Canada’s resource-heavy main stock index ended Monday’s trading session at a two-week high, led by gains in the materials and energy sectors in quiet end-of-summer trading.
Wall Street’s major indexes also closed higher as traders awaited a slew of economic data from Canada and the U.S. this week.
“Today TSX is outperforming a little bit on the back of financials and commodities and gold,” said Diana Avigdor, portfolio manager and head of trading at Barometer Capital Management. “It’s also the dog days of summer,” she said. “Markets are going to lurch up and down for the rest of the week ahead of a long weekend.”
investors were still digesting Friday’s comments from Fed Chair Jerome Powell that the U.S. central bank may need to raise interest rates further to ensure inflation is contained.
Focus now shifts to a report on the U.S. personal consumption expenditures price index, the Fed’s preferred inflation gauge, to be released on Thursday, and non-farm payrolls data due on Friday.
“The fact that Powell didn’t come out and say anything particularly hawkish or particularly unnerving to markets - that has proven to make this a bit of a risk-on day, even if he wasn’t outright dovish either,” said Ross Mayfield, Investment Strategy Analyst at Baird.
The Toronto Stock Exchange’s S&P/TSX composite index rose by 189.39 points, or 0.95%, to 20,025.14, hitting its highest since Aug. 15.
Energy was up 1.5% in Toronto, as oil prices held steady on Monday, pressured by worries further U.S. interest rate hikes could dent demand but supported by a potential supply disruption from a tropical storm off the U.S. Gulf Coast.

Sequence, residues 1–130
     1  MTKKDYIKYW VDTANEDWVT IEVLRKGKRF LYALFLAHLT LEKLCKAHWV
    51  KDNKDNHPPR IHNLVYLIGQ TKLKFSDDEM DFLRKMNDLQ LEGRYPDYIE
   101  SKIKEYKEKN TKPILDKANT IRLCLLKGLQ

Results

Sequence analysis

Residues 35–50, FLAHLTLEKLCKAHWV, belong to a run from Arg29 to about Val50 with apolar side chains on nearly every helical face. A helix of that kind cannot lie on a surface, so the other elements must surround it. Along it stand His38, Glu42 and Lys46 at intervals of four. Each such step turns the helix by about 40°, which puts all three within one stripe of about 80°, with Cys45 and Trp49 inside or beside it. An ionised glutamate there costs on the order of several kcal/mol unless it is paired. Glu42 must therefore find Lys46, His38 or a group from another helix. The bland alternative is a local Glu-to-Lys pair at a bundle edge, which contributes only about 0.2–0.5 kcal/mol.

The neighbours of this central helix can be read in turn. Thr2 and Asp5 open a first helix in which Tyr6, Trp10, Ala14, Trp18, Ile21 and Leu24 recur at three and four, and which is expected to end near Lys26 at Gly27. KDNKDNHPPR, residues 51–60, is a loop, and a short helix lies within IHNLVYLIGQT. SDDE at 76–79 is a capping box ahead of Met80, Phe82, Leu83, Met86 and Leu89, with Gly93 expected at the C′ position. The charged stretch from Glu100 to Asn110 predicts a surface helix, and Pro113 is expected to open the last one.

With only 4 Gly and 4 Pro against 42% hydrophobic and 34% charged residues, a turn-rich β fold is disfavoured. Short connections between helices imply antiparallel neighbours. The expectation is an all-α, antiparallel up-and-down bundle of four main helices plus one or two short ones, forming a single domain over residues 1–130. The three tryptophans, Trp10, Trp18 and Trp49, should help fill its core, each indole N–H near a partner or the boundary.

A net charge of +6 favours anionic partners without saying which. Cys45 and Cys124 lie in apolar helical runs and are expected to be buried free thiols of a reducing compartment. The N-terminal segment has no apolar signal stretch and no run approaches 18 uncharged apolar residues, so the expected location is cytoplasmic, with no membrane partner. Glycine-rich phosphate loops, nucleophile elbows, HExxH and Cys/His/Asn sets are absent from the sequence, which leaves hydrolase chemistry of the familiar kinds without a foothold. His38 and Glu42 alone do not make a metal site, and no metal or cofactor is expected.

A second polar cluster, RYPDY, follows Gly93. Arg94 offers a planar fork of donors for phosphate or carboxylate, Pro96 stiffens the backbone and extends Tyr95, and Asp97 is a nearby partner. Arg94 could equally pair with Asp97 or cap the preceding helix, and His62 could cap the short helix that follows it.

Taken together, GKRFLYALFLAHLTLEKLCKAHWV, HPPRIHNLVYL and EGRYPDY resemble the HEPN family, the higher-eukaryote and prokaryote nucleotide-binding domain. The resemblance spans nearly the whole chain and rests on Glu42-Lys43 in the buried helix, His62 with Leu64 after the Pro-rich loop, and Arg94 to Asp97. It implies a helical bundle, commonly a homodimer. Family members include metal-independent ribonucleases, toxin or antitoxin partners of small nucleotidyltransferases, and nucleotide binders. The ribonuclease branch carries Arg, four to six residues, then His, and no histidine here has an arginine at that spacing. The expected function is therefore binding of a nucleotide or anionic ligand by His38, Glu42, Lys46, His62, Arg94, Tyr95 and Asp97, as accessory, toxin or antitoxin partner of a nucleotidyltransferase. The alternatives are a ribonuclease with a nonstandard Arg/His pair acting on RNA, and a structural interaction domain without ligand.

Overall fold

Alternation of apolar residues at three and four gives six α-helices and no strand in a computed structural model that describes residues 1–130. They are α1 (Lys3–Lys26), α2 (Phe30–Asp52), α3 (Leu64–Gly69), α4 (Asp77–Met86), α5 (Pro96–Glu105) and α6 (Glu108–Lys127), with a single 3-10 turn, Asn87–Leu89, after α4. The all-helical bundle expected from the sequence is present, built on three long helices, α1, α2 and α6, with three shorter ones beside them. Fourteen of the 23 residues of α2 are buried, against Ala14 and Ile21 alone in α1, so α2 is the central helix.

China reduced a 0.1% stamp duty on stock trading effective Monday in the latest attempt to boost the struggling market as a recovery sputters in the world’s second-biggest economy.
The materials sector, which includes precious and base metals miners and fertilizer companies and is sensitive to the Chinese economy, gained 2.1%.
The heavily weighted financials sector gained 1.1% as major Canadian banks are set to continue to report earnings this week.
“Financials in Canada have really gotten sold down and they’re trading at valuations that are very attractive,” said Avigdor. “They’re below their long-term average valuation. The banks long-term will do OK. They’re very highly correlated with the economy.”
Canada’s second-quarter GDP report on Friday is likely to show a sharp slowdown in economic growth, a Reuters poll of economists found, which could lead the Bank of Canada to pause interest rate hikes.
The S&P 500 climbed 0.63% to end the session at 4,433.31 points.
The Nasdaq gained 0.84% to 13,705.13 points, while Dow Jones Industrial Average rose 0.62% to 34,559.98 points.
Nvidia rose 1.78% and was the most traded stock in the S&P 500, with US$31 billion worth of the chipmaker’s shares exchanged.
Other megacaps also gained, with Apple and Alphabet both adding 0.9%.
3M jumped 5.2% after a report that the conglomerate has tentatively agreed to pay more than US$5.5 billion to resolve over 300,000 lawsuits claiming it sold the U.S. military defective combat earplugs.
Goldman Sachs gained 1.8% after the lender struck a deal to sell an investment advisory business to wealth management firm Creative Planning LLC.
U.S.-listed shares of Chinese companies including JD.com, Baidu and Alibaba rallied over 2% after China halved the stamp duty on stock trading.
U.S. Commerce Secretary Gina Raimondo discussed concerns about restrictions on American businesses including Intel and Micron with Chinese Commerce Minister Wang Wentao. Micron’s stock rose 2.5% and Intel added 1.1%.
The U.S. Federal Trade Commission suspended its challenge of Amgen’s $27.8 billion purchase of Horizon Therapeutics . Horizon’s shares 5.2%.
Advancing issues outnumbered falling ones within the S&P 500 by a 5.5-to-one ratio. The S&P 500 posted 10 new highs and 2 new lows; the Nasdaq recorded 54 new highs and 162 new lows. Volume on U.S. exchanges was relatively light, with 8.1 billion shares traded, compared to an average of 10.8 billion shares over the previous 20 sessions.
Reuters, Globe staff